Depression is a debilitating and damaging mental health condition that goes far beyond simply feeling down or sad, and is a physiological change in the body that can persist for months or even years. It can lead to loss of appetite, apathy, sexual disinterest, thoughts of suicide and lead to severe consequences in work, relationships and family life.
Depression is immensely challenging to understand and work with, and varies hugely from person to person. Understanding the complexities underlying the depressed feelings, often from childhood and relational contexts can begin to help bring understand and context to how one is feeling and provide a platform for development and healing.
Assessment for clinical depression is never easy as subjectivity plays a huge part in determining how an individual will respond to questions and assessment. The NHS uses a Patient Health Questionairre in order to ascertain levels of depression and determine appropriate treatment and assess progress. A sample of the form is below:
|How often you have felt each of these statements over the last two weeks ?|
|Little interest or pleasure in doing things|
|Feeling down, depressed, or hopeless|
|Trouble falling or staying asleep, or sleeping too much|
|Feeling tired or having little energy|
|Poor appetite or overeating|
|Feeling bad about yourself — or that you are a failure or
have let yourself or your family down
|Trouble concentrating on things, such as reading the
newspaper or watching television
|Moving or speaking so slowly that other people could have
noticed? Or the opposite — being so fidgety or restless
that you have been moving around a lot more than usual
|Thoughts that you would be better off dead or of hurting
yourself in some way
Disclaimer: This test is a faithful reproduction of the PHQ-9 available from www.phqscreeners.com. Test scoring is provided for information purposes and any level of depression reported would need to be confirmed by an appropriate mental health professional.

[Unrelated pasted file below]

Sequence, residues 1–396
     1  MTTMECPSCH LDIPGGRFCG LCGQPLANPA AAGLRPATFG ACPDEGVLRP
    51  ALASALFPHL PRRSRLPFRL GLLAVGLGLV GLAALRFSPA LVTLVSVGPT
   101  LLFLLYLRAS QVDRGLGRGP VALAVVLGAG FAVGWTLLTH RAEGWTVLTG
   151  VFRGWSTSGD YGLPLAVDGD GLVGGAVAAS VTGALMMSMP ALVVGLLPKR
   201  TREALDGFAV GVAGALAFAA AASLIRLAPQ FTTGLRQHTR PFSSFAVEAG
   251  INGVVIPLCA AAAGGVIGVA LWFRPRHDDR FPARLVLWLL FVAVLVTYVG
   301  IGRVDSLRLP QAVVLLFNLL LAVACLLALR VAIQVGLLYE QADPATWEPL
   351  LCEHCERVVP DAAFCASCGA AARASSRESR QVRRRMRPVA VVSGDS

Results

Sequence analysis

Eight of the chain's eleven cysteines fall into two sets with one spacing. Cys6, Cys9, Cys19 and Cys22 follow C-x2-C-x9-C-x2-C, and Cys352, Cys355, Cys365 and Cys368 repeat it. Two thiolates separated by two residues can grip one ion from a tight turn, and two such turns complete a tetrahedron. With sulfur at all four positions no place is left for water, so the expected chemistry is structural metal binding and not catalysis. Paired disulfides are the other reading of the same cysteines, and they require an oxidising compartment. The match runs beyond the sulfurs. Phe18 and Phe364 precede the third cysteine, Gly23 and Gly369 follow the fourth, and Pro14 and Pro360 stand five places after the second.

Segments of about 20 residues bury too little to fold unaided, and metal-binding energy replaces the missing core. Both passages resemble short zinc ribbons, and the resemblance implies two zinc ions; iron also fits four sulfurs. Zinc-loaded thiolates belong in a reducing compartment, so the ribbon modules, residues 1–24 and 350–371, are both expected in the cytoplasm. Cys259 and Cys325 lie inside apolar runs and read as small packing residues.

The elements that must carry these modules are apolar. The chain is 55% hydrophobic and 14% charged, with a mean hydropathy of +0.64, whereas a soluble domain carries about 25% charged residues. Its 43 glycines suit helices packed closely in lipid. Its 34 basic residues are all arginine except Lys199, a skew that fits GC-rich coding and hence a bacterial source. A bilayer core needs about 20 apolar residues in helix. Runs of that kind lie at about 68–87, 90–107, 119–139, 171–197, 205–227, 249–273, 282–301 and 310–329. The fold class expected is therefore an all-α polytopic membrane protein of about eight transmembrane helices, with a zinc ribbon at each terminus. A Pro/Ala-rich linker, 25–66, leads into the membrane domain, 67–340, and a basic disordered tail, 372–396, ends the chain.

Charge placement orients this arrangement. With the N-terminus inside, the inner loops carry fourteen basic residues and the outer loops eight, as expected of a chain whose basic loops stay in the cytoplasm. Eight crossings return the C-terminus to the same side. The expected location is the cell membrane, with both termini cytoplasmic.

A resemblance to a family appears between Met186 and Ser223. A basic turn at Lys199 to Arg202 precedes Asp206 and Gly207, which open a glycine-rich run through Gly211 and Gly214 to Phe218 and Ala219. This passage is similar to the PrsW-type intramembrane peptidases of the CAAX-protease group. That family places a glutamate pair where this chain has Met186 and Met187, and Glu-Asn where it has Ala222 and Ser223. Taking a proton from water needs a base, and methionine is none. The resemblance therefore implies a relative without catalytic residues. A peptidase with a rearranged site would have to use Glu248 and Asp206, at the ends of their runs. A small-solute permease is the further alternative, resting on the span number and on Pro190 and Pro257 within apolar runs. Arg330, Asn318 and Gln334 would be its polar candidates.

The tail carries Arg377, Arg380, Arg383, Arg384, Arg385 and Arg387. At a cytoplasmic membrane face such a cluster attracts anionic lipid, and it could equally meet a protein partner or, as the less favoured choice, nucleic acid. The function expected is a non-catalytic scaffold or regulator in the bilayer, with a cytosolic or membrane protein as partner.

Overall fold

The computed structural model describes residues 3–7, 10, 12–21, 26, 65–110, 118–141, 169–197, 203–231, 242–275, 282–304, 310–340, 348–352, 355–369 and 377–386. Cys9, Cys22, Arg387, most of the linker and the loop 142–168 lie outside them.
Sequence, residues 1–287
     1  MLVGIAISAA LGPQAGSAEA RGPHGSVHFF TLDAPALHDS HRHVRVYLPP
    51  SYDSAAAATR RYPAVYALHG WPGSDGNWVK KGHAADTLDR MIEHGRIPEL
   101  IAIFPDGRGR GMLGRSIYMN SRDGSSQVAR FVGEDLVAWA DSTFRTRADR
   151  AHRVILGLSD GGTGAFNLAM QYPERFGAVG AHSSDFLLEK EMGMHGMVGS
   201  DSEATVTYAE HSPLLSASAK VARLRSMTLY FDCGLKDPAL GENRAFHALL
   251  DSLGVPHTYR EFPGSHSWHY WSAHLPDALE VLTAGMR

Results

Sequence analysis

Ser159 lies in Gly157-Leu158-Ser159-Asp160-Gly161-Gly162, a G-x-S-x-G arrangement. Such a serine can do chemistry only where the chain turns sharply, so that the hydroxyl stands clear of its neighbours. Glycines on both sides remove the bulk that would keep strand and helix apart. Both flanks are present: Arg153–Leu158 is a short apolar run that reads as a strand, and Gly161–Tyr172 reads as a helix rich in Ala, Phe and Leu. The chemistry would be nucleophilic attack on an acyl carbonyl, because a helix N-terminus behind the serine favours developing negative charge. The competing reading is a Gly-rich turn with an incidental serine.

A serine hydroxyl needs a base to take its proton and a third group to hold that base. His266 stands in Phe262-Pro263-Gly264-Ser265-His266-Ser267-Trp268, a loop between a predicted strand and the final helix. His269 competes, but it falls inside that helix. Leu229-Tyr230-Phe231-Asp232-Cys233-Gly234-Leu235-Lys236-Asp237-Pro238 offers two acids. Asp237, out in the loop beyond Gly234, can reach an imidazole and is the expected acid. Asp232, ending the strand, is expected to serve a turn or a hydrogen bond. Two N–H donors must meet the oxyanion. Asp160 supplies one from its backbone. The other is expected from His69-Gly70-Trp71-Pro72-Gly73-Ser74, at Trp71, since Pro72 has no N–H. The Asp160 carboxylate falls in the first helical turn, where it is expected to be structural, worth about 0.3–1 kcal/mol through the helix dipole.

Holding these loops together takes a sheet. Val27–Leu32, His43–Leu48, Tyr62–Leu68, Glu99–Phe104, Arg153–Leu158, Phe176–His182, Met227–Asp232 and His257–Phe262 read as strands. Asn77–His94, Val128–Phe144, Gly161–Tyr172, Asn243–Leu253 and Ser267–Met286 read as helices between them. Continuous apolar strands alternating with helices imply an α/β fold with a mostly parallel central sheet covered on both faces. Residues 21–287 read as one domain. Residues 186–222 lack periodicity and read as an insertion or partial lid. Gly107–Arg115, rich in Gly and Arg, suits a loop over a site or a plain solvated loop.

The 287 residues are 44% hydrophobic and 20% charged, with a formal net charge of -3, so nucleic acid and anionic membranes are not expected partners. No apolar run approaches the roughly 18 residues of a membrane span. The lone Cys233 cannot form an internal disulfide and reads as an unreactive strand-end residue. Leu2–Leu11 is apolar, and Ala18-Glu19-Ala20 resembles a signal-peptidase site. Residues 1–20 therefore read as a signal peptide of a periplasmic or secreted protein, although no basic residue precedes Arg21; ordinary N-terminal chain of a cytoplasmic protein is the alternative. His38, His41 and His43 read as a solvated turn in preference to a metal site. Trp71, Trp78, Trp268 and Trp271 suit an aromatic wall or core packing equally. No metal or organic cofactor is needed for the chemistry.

If you feel you have depression, and want some further help, these workbooks from the Centre for Clinical Interventions in Australia are useful resources to help you understand depression further and help bring it under control.
Disclaimer: These workbooks are copyright of the Centre for Clinical Interventions and are intended for information purposes only. Diagnosis and treatment of mental health issues requires the attention of a mental health professional and this information is not a substitute for such.
- Module 1: Overview of Depression
This module looks at the symptoms of depression, what causes depression, and provides information about psychotherapy for depression.
- Module 2: Behavioural Strategies for Managing Depression
This module describes how to increase activity levels, particularly fun activities.
- Module 3: The Thinking-Feeling Connection
This module describes automatic thoughts and explores how thoughts influence feelings.
- Module 4: The ABC Analysis
This module explores how you can use a thought diary to monitor the unhelpful thoughts that can lead to how you feel about a particular situation.
- Module 5: Unhelpful Thinking Styles
This module describes a number of common unhelpful thinking styles that can lead to negative emotions.
- Module 6: Detective Work and Disputation
Module 6 explores how you can examine and challenge unhelpful thoughts by expanding the thought diary described in Module 4.
- Module 7: The End Result
This module describes how you can summarise how you have challenged unhelpful thoughts by producing a balanced thought.
- Module 8: Core Beliefs
Core beliefs are often at the root of unhelpful thoughts that are particularly difficult to change. This module looks at core beliefs and how to change them.
- Module 9: Self Management
This final module describes how to maintain gains and continue the progress that has been made throughout the previous modules.
Other useful resources are as follows: